“US missile defense decision no guarantee of quid pro quo with Russia on Iran”

“US missile defense decision no guarantee of quid pro quo with Russia on Iran”
September 17-20, 2009
     Russian daily Kommersant reports that the US is pressing Russia to cancel deliveries of S-300 air defense missiles to Iran and support tougher UNSC sanctions “in exchange” for the recent US decision to cancel its European missile defense system in favor of a land- and sea-based system located closer to Iran (Agence France-Presse). While both the US and Russia deny any such “quid pro quo”, Roland Oliphant believes US expectations of Russian reciprocation on the Iran issue will not be met. Oliphant writes that Moscow will likely view the US decision as a “return to common sense” rather than a “concession” requiring reciprocation, especially as Moscow believes the defense system always targeted Russia rather than Iran (RIA Novosti).
     Joseph Cirincione argues that the US decision is an example of a “new defense realism” rather than appeasement of Russia. Cirincione points out that Iran does not have long-range missiles capable of striking Europe and that the defense system was too flawed to work, concluding that Obama’s new plan would better counter Iran’s short- and medium- range missiles while strengthening the NATO alliance (Foreign Policy). James Lindsay and others also praise the US decision, citing support among US military leadership, but point out the need to deflect accusations that the decision was designed to appease Russia (Council on Foreign Relations, Associated Press).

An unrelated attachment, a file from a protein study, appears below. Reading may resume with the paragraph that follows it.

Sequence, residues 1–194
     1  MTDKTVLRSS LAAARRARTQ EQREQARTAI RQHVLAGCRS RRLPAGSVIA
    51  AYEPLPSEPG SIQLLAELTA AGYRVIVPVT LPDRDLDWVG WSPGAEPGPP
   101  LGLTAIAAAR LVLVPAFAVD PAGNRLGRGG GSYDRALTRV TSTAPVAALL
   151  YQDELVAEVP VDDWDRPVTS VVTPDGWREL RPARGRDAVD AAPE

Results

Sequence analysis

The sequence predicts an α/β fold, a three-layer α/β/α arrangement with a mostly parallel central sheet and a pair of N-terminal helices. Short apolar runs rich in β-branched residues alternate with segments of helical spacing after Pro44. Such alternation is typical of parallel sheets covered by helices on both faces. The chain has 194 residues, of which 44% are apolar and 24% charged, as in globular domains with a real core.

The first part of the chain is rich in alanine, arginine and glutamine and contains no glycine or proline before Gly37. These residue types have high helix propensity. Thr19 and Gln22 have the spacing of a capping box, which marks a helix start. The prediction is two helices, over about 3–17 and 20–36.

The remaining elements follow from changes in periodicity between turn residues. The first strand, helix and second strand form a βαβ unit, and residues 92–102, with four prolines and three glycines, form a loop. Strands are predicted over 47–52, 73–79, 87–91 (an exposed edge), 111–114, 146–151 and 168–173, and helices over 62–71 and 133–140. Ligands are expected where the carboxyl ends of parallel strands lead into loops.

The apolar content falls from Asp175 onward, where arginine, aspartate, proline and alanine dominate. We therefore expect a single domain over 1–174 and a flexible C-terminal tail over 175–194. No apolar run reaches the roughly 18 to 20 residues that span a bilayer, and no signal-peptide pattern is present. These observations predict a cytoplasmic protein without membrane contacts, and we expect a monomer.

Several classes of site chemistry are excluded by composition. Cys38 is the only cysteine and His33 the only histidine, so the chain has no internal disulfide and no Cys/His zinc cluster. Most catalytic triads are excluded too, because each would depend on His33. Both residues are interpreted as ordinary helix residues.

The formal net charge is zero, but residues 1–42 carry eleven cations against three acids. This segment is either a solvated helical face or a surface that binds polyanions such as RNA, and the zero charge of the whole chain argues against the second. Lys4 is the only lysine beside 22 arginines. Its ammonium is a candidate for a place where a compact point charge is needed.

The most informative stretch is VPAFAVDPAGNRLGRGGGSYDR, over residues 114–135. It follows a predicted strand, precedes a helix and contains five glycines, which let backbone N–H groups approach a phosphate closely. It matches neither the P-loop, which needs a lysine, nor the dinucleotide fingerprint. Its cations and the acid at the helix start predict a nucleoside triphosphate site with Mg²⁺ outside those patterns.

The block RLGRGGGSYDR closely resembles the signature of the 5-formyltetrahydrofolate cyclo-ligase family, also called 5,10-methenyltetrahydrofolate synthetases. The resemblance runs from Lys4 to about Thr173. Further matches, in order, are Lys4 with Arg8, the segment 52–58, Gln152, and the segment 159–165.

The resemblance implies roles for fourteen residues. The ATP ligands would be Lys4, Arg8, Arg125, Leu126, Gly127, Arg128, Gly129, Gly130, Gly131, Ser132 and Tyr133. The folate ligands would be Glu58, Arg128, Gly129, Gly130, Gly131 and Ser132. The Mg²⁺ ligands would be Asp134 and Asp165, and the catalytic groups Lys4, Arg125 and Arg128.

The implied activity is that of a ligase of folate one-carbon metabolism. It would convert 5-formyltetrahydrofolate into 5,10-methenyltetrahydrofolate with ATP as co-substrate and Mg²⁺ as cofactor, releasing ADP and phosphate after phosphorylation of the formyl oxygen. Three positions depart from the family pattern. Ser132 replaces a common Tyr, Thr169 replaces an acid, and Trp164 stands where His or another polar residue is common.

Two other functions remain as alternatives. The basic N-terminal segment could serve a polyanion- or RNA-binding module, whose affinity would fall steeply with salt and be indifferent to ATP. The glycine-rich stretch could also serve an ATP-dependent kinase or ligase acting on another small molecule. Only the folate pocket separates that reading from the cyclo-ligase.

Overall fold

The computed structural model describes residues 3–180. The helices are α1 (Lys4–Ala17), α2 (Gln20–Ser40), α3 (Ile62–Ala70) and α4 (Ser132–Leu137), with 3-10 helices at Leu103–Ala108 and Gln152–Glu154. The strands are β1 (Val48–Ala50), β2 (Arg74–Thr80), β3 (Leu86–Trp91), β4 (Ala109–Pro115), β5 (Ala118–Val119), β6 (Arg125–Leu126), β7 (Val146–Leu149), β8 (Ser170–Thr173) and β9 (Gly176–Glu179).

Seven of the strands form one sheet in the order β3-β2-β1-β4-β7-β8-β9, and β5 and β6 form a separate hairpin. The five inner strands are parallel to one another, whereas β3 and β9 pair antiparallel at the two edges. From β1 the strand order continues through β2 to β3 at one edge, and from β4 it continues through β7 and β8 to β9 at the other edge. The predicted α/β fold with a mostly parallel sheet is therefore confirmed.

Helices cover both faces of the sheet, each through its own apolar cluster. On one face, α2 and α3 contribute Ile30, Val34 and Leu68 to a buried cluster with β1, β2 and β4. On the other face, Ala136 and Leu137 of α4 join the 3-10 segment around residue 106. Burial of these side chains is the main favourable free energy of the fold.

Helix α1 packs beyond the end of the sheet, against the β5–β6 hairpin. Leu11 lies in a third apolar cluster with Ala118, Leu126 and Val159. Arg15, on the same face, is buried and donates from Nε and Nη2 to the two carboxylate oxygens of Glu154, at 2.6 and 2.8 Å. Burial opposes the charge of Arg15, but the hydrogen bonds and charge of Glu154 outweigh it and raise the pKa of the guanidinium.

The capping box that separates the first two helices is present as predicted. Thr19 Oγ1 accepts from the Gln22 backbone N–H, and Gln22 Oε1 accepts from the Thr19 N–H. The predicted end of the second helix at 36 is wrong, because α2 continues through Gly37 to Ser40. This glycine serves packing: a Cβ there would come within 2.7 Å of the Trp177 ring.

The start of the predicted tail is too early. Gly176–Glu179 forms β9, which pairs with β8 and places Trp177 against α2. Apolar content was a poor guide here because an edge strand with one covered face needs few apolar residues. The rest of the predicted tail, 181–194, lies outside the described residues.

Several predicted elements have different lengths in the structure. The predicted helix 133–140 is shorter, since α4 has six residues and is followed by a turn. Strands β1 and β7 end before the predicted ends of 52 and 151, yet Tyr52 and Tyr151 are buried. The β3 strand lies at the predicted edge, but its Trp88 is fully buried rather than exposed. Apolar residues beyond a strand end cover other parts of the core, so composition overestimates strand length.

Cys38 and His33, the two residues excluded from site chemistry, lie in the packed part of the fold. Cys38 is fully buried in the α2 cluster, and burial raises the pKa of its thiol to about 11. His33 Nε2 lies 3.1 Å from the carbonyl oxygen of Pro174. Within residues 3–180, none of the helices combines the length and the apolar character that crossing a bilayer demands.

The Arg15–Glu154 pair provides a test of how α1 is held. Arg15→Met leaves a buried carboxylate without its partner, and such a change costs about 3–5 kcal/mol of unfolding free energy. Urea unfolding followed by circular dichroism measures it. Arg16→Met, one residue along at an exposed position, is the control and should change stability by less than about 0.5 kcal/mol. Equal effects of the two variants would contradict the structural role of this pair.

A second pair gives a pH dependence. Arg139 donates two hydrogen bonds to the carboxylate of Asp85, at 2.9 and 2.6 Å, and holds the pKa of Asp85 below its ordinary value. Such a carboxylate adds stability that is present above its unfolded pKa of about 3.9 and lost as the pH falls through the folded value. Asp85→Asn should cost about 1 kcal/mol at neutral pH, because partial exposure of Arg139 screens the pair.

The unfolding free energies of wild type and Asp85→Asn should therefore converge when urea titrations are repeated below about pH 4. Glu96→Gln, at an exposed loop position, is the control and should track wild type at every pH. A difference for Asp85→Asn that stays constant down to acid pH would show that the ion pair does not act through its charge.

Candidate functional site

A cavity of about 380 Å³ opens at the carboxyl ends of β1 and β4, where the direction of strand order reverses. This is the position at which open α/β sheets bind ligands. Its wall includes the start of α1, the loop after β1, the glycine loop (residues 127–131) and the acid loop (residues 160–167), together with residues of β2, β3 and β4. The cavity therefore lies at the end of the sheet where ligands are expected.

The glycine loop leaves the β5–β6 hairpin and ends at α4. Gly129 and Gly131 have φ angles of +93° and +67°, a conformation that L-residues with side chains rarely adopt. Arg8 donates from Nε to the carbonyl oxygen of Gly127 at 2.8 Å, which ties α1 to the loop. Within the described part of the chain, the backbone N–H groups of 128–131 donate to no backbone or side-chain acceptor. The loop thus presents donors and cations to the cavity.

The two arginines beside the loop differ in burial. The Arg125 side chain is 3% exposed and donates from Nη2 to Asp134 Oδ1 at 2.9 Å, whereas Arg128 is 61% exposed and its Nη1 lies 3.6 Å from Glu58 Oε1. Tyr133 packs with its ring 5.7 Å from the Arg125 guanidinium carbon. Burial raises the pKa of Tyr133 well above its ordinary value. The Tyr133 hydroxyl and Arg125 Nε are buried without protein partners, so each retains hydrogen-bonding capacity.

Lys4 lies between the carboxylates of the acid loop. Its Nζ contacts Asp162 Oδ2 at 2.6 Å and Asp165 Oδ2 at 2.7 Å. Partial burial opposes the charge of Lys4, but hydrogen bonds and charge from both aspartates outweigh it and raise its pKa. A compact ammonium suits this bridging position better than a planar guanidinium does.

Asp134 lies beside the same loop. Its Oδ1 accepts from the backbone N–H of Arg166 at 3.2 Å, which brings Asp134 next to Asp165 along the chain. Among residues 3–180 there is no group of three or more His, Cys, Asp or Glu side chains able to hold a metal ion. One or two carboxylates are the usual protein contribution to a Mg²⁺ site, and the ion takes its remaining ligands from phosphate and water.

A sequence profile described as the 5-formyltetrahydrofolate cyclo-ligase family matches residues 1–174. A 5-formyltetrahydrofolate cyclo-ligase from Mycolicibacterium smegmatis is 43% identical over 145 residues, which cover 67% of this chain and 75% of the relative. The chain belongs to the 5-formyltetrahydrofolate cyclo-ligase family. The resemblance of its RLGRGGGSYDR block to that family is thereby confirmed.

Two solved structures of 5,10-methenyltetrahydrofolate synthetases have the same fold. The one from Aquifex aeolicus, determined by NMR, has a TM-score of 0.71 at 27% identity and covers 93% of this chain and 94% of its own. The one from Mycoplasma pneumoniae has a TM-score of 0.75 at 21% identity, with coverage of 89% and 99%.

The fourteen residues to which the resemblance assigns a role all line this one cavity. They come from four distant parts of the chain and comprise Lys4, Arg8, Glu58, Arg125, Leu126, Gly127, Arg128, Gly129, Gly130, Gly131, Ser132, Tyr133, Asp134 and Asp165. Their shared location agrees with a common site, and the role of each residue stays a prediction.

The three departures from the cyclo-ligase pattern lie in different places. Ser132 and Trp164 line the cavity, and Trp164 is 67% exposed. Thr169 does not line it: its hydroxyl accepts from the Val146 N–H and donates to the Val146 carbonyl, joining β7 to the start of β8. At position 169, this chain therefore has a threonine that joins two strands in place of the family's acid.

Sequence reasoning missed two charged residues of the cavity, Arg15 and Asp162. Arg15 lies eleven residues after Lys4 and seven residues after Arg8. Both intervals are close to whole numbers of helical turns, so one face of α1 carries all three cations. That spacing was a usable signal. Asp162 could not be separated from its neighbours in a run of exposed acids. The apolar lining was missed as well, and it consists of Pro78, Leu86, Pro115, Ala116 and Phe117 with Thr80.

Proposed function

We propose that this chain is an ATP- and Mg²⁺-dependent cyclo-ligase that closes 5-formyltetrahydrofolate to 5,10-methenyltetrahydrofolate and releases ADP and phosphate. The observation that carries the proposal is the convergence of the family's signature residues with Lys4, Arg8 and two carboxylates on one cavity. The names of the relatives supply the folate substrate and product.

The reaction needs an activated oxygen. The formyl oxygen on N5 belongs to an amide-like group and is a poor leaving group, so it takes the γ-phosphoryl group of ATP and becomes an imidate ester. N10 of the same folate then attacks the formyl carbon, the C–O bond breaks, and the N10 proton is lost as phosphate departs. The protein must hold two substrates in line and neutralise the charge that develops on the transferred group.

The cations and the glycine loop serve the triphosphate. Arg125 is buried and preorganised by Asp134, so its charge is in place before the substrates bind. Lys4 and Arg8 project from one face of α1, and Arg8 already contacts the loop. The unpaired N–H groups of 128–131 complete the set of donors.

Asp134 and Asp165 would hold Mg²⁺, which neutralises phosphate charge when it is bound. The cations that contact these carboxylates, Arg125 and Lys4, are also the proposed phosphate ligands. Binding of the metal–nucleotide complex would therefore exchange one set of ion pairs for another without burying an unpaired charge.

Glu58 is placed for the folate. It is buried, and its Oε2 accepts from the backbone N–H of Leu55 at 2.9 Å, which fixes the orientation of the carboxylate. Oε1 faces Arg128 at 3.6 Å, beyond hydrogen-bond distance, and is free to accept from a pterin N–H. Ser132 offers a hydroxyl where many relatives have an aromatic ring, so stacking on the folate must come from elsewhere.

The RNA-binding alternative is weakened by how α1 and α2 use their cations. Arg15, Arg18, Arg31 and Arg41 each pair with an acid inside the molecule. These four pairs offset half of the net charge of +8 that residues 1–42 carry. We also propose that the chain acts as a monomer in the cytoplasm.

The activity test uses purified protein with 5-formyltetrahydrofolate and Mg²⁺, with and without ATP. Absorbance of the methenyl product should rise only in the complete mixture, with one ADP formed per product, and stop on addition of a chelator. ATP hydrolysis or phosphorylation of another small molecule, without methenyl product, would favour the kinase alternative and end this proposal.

Kimberly Misher offers a detailed analysis in favor of the new US missile defense plan, arguing that the initial system unnecessarily heightened tensions with Russia and weakened NATO unity while failing to offer adequate defense against an Iranian missile threat. Misher argues that joint missile defenses will help engage Russia in European security and strengthen deterrence measures against Iran (Carnegie Endowment).
Agence France-Presse | RIA Novosti | Foreign Policy | Council on Foreign Relations | Associated Press | Carnegie Endowment

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